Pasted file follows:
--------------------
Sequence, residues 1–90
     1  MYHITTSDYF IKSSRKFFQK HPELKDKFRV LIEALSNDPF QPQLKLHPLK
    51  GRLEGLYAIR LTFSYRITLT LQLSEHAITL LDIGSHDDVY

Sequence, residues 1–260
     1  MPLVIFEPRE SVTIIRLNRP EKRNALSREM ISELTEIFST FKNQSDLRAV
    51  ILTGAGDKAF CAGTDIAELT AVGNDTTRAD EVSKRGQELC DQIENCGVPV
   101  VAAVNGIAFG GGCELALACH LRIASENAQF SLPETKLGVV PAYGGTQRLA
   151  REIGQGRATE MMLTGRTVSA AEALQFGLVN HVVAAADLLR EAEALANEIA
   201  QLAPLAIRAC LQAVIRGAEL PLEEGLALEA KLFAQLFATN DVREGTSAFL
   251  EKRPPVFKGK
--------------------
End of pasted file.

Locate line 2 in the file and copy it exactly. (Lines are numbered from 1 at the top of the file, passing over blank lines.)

     1  MYHITTSDYF IKSSRKFFQK HPELKDKFRV LIEALSNDPF QPQLKLHPLK